Tue. Dec 6th, 2022

Johnny Sexton says the endless pain of being belittled by the British and Irish Lions fuels his beautiful form as he considers taking his career beyond next year’s World Cup.

Senior Ireland captain Sexton was devastated as he was ignored by Lions boss Warren Gatland for the 2021 South Africa tour, saying it “suffers like hell”.

The 37-year-old channeled this huge disappointment, inspiring his country to top the world rankings with a Six Nations Triple Crown and a historic series win in New Zealand.

His individual contribution was commended by being on the four-man shortlist for male player of the year at World Rugby this week.

Sexton had previously provocatively left the door open, saying “we’ll see” while outlining his plans to retire after the 2023 World Cup in France, highlighting the ongoing impact of the Lions rejection.

“The Lions selection gets me to where I am today,” said the fly-half, who was preparing for Ireland’s autumn final against Australia.

“Every time I feel like I’m overdoing myself, I think I wasn’t chosen for it.

“Again, that’s the idea, isn’t it? World Player of the Year is the opinion of a few. They think you’re doing a good job.



The coaches thought I wasn’t the right person for the job, and that’s life. You have to get over this. But you have to use it

Johnny Sexton rejected by the Lions

“When it came to the Lions selection, a few key people thought I wasn’t a good fit for that team, and it hurt.

“It just shows the indecision of the election and everything and you don’t want to come out of international rugby like that. This is a huge motivating factor.

“I would have preferred to be selected and I still think I would be hungry, but maybe sometimes you need that excitement.

“I’ve never been to South Africa and I always thought, ‘I’ve never been, but this will be that tour.’ The coaches thought I wasn’t the right person for the job, and that’s life. You have to get over this. But you have to use it.”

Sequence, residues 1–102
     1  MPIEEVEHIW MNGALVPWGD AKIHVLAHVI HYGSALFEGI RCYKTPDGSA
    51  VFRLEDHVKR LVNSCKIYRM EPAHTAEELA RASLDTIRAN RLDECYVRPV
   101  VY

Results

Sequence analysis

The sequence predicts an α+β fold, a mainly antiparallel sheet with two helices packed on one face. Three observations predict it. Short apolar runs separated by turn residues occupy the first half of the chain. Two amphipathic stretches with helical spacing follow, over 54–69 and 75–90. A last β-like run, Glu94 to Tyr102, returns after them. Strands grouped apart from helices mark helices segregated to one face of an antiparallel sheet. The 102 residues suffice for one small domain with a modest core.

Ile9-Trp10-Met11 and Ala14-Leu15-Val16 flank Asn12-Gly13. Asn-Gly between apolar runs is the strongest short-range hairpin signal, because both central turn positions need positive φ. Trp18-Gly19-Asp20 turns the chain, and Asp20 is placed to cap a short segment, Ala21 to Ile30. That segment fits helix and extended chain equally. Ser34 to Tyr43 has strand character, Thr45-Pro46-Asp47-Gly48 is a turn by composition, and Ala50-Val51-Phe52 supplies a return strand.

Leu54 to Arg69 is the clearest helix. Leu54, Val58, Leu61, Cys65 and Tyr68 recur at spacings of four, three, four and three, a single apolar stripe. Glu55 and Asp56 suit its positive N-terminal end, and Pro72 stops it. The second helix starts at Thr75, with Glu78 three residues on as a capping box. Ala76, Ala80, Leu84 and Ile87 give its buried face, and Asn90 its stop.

Sexton was left out after Gatland selected No. 10 challengers Dan Biggar, Owen Farrell and Finn Russell before Gatland added Marcus Smith as injury protection.

The Leinster player announced his intention to retire in March after signing a contract extension to take him through to the end of the upcoming World Cup.

Now he has suggested that the decision may have been hastily made and partly due to unexpected inquiries from the media.

“Well, you surprised me when I announced the extension,” he said.

“I thought this was good news and (you asked) ‘does this mean you’re going to retire later?’ As if you couldn’t get rid of me fast enough!

“It surprised me. I wasn’t really expecting this question in the first place, I wasn’t prepared for it, and I thought, isn’t that a bit obvious? But we’ll see, we’ll see.

“I just need to concentrate on what’s in front of me and that’s all I’ve been doing – to concentrate on this season and try to make the most of every opportunity I get and please God go to the World Cup and see what happens next.” ”

Sexton is battling to face the Wallabies after he missed last weekend’s win over Fiji due to a dead leg in the victory over world champions South Africa.

Now that retirement plans are up in the air, he admits to conflicting views among his family.

“My brothers are after me,” he said. “Right now they are blaming me. ‘What will we do when you retire?’ they say.

“They love coming to the games, they feel like they are playing the game themselves. My wife doesn’t talk to me like that.”